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What Is A Vulnerability Assessment?

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By: Gabriel Schram

April 5, 2021

An underlying cause of breaches and exploits is improper or lack of vulnerability testing. A vulnerability can be broadly described as a weakness in a system, operational process, or design that a threat can exploit. Testing for vulnerabilities is an important component of proactive cybersecurity and system hardening. A vulnerability assessment is a review and evaluation that tests a system to identify potential flaws that can be exploited. This is done to mitigate any potential system compromise. The identified vulnerabilities can be patched, reducing the attack surface.

Vulnerability assessments test SQL and command injections, buffer overflow, cross-site scripting, software implementation, open ports, etc. Improper or lack of authentication is one of the most common weaknesses found in information systems. Each weakness is assigned a value of criticality that determines how urgently it needs to be addressed. An organization will greatly determine its risk management plan based on the results of a vulnerability assessment. Therefore, vulnerability assessments are great tools in determining overall security posture.

It can be difficult to determine the best way to conduct a vulnerability assessment, especially on large networks. Therefore, it is imperative to be aware of and identify everything on the network. This is the first step of a vulnerability assessment. Afterward, scans of the target system will be carried out. While scans are valuable tools in conducting vulnerability assessments, it is vital to review and analyze scan results for anything that may have been missed. Lastly, vulnerability assessment results are applied to the risk management and patching of the tested system.

Vulnerability Assessment Components

Scope Identification - The scope of a vulnerability assessment is the extent to which the assessment will reach. In other words, identifying the scope is the process of determining what specifically is to be tested for potential exploits. This could be one or more networks, supply chains, applications, databases, etc. Moreover, the assessment subjects need to be assigned a level of importance or security level. The scope for a vulnerability assessment of an organization should be all-encompassing to avoid security gaps.

Scanning - A vulnerability scanner is a tool used to get a detailed picture of the system. This is done by checking open ports, software being run, improper configurations, lack of security controls, etc. Vulnerability scanners can be active or passive. A passive scanner, such as, does not interact with the target network. Conversely, an active scanner interacts directly with the target network. This includes tools such as Nessus and OWASP ZAP.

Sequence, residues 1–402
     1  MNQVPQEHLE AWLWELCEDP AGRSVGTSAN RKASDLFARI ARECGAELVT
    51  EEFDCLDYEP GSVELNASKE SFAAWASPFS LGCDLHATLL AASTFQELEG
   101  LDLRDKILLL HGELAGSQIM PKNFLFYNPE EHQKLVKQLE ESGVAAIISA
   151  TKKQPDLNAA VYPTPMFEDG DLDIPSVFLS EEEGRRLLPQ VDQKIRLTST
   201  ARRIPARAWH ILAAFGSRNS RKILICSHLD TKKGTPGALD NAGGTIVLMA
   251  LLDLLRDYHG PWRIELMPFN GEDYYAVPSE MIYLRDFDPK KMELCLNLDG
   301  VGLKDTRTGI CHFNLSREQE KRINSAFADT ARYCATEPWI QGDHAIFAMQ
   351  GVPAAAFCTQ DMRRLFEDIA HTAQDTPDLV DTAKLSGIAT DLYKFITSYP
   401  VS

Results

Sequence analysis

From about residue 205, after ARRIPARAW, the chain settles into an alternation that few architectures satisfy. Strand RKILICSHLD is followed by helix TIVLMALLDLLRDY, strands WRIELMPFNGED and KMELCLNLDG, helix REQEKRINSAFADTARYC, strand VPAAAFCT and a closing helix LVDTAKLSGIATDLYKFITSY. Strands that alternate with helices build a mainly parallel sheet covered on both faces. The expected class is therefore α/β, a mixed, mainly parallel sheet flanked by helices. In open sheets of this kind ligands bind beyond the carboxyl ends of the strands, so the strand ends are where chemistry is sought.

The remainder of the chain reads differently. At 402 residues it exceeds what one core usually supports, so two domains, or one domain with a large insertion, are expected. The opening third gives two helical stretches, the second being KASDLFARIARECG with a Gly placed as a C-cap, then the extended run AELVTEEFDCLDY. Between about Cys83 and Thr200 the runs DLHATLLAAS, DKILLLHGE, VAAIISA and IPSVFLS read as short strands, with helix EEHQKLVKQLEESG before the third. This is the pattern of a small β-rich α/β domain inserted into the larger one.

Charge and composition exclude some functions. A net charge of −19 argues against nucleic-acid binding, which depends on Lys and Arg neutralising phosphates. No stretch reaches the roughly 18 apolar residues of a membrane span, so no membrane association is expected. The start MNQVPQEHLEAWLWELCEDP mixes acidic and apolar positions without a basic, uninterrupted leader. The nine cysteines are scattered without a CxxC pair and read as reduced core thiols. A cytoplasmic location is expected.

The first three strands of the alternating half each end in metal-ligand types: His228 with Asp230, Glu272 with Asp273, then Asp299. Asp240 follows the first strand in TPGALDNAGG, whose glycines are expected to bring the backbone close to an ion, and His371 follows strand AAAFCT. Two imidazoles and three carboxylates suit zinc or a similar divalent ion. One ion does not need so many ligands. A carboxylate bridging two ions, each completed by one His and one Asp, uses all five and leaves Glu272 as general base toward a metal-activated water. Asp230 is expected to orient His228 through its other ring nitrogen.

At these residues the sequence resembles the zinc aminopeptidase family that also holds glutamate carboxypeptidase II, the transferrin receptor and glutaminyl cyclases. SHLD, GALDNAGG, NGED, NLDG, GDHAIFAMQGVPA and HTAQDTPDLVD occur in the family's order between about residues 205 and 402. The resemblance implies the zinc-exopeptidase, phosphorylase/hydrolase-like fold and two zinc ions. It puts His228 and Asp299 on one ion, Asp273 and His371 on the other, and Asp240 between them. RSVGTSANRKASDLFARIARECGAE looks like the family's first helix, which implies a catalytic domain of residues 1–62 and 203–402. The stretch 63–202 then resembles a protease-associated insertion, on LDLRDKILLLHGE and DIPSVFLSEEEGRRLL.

Analysis - Based on the criteria defined in the scope and the results of an in-depth scan, the root causes for the vulnerabilities need to be addressed. A thorough review of the vulnerability scan should categorize vulnerabilities from critical to low priority. Prioritization is done through analysis of scans; low priority vulnerabilities are still exploitable. Correct prioritization of found weaknesses will determine the course of action for the assessed organization or system. Prioritization will be unique and differ with each organization.

A proper analysis needs to take into consideration the tools and methodology used to assess the target system. Some scanners might not check for the newest types of exploits. An analyst should use a diversity of scanners and open source tools to obtain the most accurate and exploitable weaknesses. This is the best way to understand how to mitigate the found vulnerabilities fully. The obtained scan results should be correlated with known system vulnerabilities, especially newer exploits. The analysis is the key takeaway from a vulnerability assessment because it conveys the information needed to strengthen the overall security posture.

Vulnerability scanning analysis takes into consideration the following:

  • Affected Systems
  • Sensitive Information at Risk
  • Affected Business Operations
  • Impact of Potential Attack
  • Difficulty of Exploitation

Several of the listed factors determine the criticality of a vulnerability and its contribution to the risk management of an organization. The goal of vulnerability analysis is to describe each vulnerability’s root cause accurately and the impact it could have if left unchecked. This is a required step towards the broader goal of vulnerability management.

Why are Vulnerability Assessments Important?

Vulnerability assessments are essential to system hardening. Regular checks for system weaknesses should be routine. Regular assessments ensure that the target system will remain protected from newer threats. When done properly, the process should reduce the chances of a system being breached or compromised. Proper vulnerability assessments provide the data needed to help mitigate any holes in the tested system. Vulnerability assessments should include the target system in its entirety and utilize a combination of scanners to conduct a proper analysis of specified vulnerabilities. Also, frequent assessments are crucial to vulnerability management plans. Cybersecurity posture is greatly determined by attack surface - vulnerability assessments determine how large this surface is. Ultimately, vulnerability assessments achieve the goal of identifying exploitable weaknesses, prioritizing risks, and deciding on a mitigation approach.


Dunn, S. (2017, January 26). NIST 800-53: Vulnerability Management. Retrieved from
Saydjari, O.S. (2018).Engineering Trustworthy Systems: Get Cybersecurity Design Right the First Time. McGraw-Hill Education.

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